Why do ships and planes vanish without a trace in the Bermuda Triangle? If you draw up a map, trace a line connecting the island of Bermuda, Puerto Rico, Miami, and back to Bermuda, what do you get? Yes, it\’s a triangle a sinister polygon known for mysteriously swallowing over 2,000 ships and 200 aircraft over centuries! And here\’s a story about the Bermuda Triangle you probably didn\’t hear about.
The Bermuda Triangle (also known as the Devil\’s Triangle) is an area bounded by points in Bermuda, Florida and Puerto Rico where ships and planes are said to mysteriously vanish into thin air or deep water.
Over the years, many theories have been offered to explain the mystery. Some writers have expanded upon Berlitz\’s ideas about Atlantis, suggesting that the mythical city may lie at the bottom of the sea and be using its reputed \”crystal energies\” to sink ships and planes. Other more fanciful suggestions include time portals (why a rift in the space-time fabric of the universe would open up in this particular patch of well-traveled ocean is never explained) and extraterrestrials, including rumors of underwater alien bases.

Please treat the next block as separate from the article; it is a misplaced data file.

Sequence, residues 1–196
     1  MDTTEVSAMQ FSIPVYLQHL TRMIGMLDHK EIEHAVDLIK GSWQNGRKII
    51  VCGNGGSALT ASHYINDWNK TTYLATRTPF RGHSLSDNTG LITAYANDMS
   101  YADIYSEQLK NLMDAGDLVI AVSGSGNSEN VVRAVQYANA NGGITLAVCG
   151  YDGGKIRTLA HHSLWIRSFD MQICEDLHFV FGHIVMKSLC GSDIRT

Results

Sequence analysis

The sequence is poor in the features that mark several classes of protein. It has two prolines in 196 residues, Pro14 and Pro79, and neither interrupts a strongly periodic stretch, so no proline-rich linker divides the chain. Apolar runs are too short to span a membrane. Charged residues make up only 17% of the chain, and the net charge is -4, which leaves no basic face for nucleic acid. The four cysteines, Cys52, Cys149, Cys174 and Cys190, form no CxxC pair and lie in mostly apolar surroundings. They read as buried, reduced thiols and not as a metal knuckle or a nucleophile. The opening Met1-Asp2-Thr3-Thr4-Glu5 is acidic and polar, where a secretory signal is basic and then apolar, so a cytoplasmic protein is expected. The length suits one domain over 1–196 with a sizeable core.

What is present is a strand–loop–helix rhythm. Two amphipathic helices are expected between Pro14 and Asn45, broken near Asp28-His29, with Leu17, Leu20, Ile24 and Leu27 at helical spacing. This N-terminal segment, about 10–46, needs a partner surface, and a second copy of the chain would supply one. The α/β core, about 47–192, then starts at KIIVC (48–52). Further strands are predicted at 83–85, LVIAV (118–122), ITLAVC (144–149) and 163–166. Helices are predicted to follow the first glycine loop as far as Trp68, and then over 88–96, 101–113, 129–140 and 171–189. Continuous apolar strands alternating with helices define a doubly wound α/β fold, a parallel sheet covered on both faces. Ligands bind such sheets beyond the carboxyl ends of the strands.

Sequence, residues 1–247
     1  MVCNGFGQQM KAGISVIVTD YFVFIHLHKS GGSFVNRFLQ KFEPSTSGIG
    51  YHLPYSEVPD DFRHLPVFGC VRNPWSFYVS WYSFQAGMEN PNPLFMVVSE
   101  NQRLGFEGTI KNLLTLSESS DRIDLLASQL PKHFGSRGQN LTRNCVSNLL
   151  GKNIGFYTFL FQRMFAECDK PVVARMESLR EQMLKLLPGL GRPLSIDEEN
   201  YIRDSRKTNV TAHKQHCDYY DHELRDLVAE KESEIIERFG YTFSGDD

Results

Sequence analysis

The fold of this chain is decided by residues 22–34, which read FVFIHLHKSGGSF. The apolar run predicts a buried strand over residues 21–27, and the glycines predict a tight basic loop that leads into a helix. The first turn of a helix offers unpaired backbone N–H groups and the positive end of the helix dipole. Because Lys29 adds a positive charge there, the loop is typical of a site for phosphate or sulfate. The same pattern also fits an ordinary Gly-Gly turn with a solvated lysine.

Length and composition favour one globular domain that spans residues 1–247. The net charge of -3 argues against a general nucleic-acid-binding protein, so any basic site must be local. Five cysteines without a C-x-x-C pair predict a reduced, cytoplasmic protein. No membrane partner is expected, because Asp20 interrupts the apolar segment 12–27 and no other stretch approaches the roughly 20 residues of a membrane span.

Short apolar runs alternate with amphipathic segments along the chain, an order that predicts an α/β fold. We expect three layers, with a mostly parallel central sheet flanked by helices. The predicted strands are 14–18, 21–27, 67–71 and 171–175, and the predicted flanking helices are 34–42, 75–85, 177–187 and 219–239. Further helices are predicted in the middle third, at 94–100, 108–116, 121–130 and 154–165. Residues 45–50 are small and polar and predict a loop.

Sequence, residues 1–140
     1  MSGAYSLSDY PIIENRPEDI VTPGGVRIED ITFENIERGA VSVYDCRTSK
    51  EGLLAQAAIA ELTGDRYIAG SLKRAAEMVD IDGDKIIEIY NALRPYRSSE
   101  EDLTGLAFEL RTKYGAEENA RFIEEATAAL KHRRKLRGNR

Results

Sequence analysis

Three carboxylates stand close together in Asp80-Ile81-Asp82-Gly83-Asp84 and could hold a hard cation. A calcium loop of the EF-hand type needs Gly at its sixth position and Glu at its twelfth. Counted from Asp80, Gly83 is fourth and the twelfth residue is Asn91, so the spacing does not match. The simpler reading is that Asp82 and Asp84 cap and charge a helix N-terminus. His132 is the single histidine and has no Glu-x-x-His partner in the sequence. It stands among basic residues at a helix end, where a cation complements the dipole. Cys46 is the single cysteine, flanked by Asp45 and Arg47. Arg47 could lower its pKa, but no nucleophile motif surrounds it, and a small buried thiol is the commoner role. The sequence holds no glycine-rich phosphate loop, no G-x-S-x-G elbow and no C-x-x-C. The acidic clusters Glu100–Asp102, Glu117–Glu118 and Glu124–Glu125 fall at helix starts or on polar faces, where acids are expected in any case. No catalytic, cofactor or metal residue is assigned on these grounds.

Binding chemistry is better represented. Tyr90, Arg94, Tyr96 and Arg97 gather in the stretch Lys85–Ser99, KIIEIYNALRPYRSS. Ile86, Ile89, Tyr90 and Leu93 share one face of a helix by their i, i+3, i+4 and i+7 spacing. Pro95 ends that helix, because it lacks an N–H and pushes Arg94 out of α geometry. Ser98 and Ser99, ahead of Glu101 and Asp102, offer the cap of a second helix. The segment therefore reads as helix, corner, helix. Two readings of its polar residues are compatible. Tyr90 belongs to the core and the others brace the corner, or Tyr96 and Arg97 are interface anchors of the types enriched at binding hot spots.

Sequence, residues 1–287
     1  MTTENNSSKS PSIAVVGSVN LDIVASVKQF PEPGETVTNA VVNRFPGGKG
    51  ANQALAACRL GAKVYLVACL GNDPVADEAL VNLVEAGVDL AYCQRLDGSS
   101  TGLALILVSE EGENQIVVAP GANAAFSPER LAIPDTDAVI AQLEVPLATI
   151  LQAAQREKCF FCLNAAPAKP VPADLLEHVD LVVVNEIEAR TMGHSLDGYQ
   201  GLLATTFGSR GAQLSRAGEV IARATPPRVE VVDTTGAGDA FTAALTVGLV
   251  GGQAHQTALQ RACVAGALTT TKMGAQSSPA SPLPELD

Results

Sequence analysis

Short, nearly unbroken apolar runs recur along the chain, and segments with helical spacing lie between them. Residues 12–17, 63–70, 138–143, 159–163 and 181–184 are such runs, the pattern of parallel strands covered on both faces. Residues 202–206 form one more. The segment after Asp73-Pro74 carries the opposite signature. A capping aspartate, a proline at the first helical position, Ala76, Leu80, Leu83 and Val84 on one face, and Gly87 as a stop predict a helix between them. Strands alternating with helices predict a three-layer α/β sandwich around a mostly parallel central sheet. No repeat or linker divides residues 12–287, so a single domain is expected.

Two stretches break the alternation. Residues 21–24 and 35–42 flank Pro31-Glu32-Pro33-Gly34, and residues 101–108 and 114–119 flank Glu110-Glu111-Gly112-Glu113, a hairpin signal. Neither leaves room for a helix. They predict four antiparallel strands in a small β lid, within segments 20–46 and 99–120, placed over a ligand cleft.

Still others believe that the explanation lies in some sort of extremely rare and little known, yet perfectly natural ,geological or hydrological explanation. For example, perhaps ships and planes are destroyed by pockets of flammable methane gas known to exist in large quantities under the sea, maybe lightning or an electrical spark ignited a huge bubble of methane that came to the surface right next to a ship or plane, causing them to sink without a trace. There are a few obvious logical problems with this theory, including that methane exists naturally around the world and such an incident has never been known to happen.